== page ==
Style/ Beauty

How To Get Rid Of Stretch Marks & FAQs, Answered

If your stretch marks are not pregnancy-related, ideally treat them as soon as you see the mark developing with:

Prescription-strength retinoids

“Retinoids such as tretinoin have undergone extensive research and are approved by regulatory bodies for specific dermatological conditions, including the treatment of stretch marks,” says Alexandra. “They encourage the production of collagen and help to strengthen and rebuild the damaged collagen fibres in stretch marks, making them less noticeable over time.”

Crucially, retinoids also speed up exfoliation. “This process helps to renew the skin’s surface and fade the colour of stretch marks, making them less apparent,” she adds. “They also smooth the texture of stretch marks, making them appear less raised or indented.”

Prescription retinoids should be used under the guidance of a healthcare professional and because they can cause irritation, you should always use them as directed. Don’t expect results overnight either. “It can take several months of consistent use to see noticeable improvements,” notes Alexandra.

Over-the-counter body lotions with retinol and retinyl palmitate

As with retinoids, both retinol and retinyl palmitate are derived from vitamin A. While they have similar properties, they are less potent – hence you can buy them without a prescription.

They will still make a difference to your skin but Alexandra says “they have a milder formulation and lower concentration of active ingredients, so the effects may be less pronounced as with tretinoin.”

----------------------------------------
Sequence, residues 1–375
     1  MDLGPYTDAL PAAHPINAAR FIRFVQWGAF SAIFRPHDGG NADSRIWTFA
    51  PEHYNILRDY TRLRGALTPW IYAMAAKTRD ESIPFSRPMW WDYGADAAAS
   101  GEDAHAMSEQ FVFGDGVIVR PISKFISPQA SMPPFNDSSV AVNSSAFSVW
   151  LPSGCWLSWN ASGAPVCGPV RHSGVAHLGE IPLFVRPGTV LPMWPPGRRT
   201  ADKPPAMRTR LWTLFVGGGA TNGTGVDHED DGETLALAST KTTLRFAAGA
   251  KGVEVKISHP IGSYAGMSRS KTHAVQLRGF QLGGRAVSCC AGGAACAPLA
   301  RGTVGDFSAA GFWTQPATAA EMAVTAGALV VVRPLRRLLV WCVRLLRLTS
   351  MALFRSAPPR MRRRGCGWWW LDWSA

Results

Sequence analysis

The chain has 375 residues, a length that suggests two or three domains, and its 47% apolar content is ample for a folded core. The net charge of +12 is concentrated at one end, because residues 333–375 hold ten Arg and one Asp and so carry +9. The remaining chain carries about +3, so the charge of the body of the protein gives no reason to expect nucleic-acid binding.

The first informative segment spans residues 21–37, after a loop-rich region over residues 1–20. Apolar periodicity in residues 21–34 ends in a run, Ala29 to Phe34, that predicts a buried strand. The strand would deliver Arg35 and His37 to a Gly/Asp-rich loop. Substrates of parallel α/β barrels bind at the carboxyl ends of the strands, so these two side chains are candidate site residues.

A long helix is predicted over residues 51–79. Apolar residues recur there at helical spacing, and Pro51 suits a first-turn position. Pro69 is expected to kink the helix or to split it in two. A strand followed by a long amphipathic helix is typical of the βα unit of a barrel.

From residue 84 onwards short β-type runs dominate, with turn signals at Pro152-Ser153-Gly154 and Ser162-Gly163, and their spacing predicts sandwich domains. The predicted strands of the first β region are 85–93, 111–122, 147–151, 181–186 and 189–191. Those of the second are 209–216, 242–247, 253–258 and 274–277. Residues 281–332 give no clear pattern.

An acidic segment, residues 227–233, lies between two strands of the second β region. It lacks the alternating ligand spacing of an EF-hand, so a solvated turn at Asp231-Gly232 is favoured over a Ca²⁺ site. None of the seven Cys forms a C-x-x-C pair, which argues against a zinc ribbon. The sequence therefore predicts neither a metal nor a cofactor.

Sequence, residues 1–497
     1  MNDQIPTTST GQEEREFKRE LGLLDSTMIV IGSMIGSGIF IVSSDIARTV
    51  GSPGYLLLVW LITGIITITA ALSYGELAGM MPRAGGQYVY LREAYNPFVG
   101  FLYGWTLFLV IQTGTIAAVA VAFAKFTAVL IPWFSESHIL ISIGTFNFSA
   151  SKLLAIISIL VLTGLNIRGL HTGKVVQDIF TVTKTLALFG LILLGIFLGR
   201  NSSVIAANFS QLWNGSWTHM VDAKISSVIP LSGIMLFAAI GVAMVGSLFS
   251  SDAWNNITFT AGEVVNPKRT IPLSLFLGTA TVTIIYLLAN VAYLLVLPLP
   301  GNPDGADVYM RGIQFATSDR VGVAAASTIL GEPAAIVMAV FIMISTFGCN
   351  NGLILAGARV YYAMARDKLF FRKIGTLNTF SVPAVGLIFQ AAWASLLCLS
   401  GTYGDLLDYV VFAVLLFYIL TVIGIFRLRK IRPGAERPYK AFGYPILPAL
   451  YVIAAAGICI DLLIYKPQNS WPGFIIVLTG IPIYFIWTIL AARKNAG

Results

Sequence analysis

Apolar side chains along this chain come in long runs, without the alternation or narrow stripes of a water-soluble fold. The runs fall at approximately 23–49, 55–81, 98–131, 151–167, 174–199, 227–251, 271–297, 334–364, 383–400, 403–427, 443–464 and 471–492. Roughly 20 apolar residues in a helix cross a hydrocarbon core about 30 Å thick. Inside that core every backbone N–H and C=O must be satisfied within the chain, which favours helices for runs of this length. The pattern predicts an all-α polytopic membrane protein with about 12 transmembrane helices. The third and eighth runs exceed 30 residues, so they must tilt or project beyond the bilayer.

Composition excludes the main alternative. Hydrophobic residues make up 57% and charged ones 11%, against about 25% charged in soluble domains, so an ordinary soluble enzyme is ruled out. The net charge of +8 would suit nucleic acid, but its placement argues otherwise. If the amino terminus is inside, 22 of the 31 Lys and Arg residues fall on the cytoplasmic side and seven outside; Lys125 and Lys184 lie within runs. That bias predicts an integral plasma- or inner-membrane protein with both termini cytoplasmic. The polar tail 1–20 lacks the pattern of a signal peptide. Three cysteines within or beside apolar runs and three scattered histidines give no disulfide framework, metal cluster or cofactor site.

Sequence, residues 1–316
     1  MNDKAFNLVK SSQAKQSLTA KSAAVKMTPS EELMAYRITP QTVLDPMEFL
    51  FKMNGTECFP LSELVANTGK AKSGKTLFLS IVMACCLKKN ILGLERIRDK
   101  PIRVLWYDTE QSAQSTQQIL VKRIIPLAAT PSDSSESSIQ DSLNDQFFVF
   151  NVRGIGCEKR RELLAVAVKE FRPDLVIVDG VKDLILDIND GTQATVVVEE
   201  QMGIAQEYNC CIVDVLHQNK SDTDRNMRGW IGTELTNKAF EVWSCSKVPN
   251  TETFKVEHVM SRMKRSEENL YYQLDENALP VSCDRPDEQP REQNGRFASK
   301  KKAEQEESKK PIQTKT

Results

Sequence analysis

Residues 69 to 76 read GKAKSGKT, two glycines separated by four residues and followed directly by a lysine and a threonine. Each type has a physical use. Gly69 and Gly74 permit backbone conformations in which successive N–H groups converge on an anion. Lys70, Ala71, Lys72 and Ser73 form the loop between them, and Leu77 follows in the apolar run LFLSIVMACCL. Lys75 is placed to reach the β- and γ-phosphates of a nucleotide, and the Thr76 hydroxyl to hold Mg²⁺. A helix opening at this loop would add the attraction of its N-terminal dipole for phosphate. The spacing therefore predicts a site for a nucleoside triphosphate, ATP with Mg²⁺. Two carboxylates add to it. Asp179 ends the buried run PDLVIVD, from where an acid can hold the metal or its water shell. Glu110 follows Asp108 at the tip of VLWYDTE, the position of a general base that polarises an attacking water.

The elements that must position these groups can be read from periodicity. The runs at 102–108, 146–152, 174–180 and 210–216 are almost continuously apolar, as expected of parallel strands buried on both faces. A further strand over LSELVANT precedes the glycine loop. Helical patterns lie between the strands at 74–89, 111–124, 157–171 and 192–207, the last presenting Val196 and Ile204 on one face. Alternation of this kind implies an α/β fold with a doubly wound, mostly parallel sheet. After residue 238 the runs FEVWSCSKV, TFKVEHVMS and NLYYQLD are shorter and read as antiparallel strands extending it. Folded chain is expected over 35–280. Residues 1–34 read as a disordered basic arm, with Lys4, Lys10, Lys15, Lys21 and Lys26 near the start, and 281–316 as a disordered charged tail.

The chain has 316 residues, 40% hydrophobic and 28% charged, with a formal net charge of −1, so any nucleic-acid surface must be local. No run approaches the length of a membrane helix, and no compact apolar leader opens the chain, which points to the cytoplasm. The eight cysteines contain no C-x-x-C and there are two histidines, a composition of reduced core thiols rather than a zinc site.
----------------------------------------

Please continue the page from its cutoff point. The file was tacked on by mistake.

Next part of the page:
Mutha Body Butter

Bio-Oil Skincare Oil

Paula’s Choice Resist Retinol Skin Smoothing Body Treatment

How to get rid of stretch marks with non-surgical procedures

Luckily there are also a number of in-clinic, non-invasive procedures that are able to help reduce the appearance of stretch marks – but these require commitment and often come at a price.

Laser therapy: Fractional laser therapy or pulsed dye laser can stimulate collagen production and fade the colour of stretch marks.

Microdermabrasion: “This procedure involves exfoliating the outer layer of the skin to encourage new skin growth and reduce the visibility of stretch marks,” says Alexandra.

Chemical peels: During a chemical peel, acids are applied to remove the top layer of skin, revealing fresh cells and reducing the appearance of stretch marks.

Microneedling: “Tiny punctures are created in the skin with fine needles, promoting collagen production and improving the texture of stretch marks,” Alexandra notes.

Morpheus 8: The same tiny needles used in microneedling emit radiofrequency to both tighten the skin and trigger a wound healing response. “Fractional resurfacing, particularly with deeper treatments such as Morpheus8, works by creating micro injuries on the skin and then stimulating the fibroblast cells in the dermis to produce new collagen and elastin fibres in the damaged areas,” explains Dr Jack. “Usually 4-6 treatments are needed, once per month to really see a difference in this.”

Carboxytherapy: “Similarly, carboxytherapy has a stimulating effect and involves superficial injection of heated carbon dioxide gas, which activates the fibroblast cells – usually once per week for twelve weeks is the recommended treatment schedule,” says Dr Jack.

You would need to pay for these treatments as they’re not available on the NHS.

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